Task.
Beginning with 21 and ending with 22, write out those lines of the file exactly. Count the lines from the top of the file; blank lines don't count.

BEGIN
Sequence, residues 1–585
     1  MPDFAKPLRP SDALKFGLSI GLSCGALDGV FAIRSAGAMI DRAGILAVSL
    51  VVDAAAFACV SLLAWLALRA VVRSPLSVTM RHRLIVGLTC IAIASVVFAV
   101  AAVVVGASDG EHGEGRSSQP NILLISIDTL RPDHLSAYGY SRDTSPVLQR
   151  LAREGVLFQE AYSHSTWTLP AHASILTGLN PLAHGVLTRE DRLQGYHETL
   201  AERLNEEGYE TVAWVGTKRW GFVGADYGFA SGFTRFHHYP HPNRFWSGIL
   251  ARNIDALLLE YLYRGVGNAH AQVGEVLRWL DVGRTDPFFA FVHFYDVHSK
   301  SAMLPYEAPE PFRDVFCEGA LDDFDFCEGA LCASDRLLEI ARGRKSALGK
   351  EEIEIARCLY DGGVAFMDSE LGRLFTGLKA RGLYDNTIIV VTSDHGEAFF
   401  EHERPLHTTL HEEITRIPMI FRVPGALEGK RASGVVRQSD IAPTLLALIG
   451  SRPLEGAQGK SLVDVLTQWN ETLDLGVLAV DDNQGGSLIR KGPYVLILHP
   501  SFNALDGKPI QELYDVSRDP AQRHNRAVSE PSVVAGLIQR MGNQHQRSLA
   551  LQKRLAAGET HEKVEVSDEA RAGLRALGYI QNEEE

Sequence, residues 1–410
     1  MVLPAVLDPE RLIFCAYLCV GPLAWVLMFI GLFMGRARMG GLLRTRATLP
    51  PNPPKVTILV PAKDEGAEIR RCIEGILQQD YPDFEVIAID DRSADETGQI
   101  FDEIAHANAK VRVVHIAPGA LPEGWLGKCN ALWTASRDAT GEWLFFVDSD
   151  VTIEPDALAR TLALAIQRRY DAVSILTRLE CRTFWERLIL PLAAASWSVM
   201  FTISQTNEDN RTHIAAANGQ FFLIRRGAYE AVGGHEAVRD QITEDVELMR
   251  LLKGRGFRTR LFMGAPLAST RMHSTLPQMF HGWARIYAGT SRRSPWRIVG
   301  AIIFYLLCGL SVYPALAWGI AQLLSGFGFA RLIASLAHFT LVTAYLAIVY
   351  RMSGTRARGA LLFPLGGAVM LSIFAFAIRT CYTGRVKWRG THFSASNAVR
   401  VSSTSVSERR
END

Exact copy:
   301  AIIFYLLCGL SVYPALAWGI AQLLSGFGFA RLIASLAHFT LVTAYLAIVY
   351  RMSGTRARGA LLFPLGGAVM LSIFAFAIRT CYTGRVKWRG THFSASNAVR